I should note that having 15 actual CPUs on one system is unusual (I've never heard of it, at least). I suspect that you actually have a system with 16 cores (the counting starts at 0), which would be more common. Also, even with an infinite number of cores, performance won't always increase with increasing number of allocated cores. So, if you'll be doing this a lot then just run a few tests to find out what's fastest.
          Hi @dpryan:

          Yes, you're right, there are 16 CPUs on the system... I set nCores=4 and so far the program runs well.

          I am a little bit surprise that for a simple two-group comparison (control vs. treatment), with >55,000 "genes" (some rows are like ENSG1+ENSG2+...), it might take more than 2 days to get the estimateDispersions results... I guess for the differential exon testing part, it may take that long as well... I also tried to include another covariate in the model, and after 4 hours, there is not a single dot (meaning 100 genes processed) shown on screen (for disp. estimation)!

          Is it common for exon-level inference to take such a long time?

          Thanks ;-)
          Last edited by alittleboy; 06-27-2013, 12:53 PM.

          Comment


          • #6
            Yes, a lot of the DEXseq steps can take quite a long time to complete since there are so many exons to calculate. You might try increasing nCores to 12 or 16.

            Comment


            • #7
              Originally posted by dpryan View Post
              Yes, a lot of the DEXseq steps can take quite a long time to complete since there are so many exons to calculate. You might try increasing nCores to 12 or 16.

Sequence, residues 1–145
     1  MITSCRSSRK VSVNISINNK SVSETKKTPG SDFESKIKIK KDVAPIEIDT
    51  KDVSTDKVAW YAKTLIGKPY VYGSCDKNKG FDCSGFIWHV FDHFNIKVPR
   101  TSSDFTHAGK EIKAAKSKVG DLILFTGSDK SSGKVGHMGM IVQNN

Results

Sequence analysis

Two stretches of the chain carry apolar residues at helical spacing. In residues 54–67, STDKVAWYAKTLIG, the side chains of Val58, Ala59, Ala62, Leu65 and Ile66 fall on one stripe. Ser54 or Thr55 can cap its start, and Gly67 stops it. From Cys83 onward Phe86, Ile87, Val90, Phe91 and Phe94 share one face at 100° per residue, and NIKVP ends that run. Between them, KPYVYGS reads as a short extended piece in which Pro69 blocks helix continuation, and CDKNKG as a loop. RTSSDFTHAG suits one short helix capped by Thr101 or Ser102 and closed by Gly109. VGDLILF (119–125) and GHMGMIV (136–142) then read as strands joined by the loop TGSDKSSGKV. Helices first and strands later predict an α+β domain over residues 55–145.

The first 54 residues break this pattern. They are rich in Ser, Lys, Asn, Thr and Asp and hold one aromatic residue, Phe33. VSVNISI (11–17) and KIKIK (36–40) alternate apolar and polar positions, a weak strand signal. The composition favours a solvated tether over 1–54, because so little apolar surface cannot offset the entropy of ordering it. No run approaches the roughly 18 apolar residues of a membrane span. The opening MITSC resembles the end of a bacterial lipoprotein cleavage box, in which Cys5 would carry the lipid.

Hi @dpryan:

              Thanks! I realize that it seems to be faster than expected: the speed for each 100 genes slot differs, and I notice that it takes much longer for the 1st point to appear ;-) The dispersion estimation took ~9 hours and DEU <2 hours.

              Comment


              • #8
                Originally posted by alittleboy View Post
                Hi @dpryan:

                Thanks! I realize that it seems to be faster than expected: the speed for each 100 genes slot differs, and I notice that it takes much longer for the 1st point to appear ;-) The dispersion estimation took ~9 hours and DEU <2 hours.
                Hi alittleboy,

                Could you see any dot when you used multiple cores? I can see dots when I use only one core but there's no dot when I use multiple cores (after one day). Is that normal?

                Thank you,

                -Jia

                Comment


                • #9
                  Originally posted by jialu View Post
                  Hi alittleboy,

                  Could you see any dot when you used multiple cores? I can see dots when I use only one core but there's no dot when I use multiple cores (after one day). Is that normal?

                  Thank you,

                  -Jia
                  The same as you when I set nCores=8.

                  Comment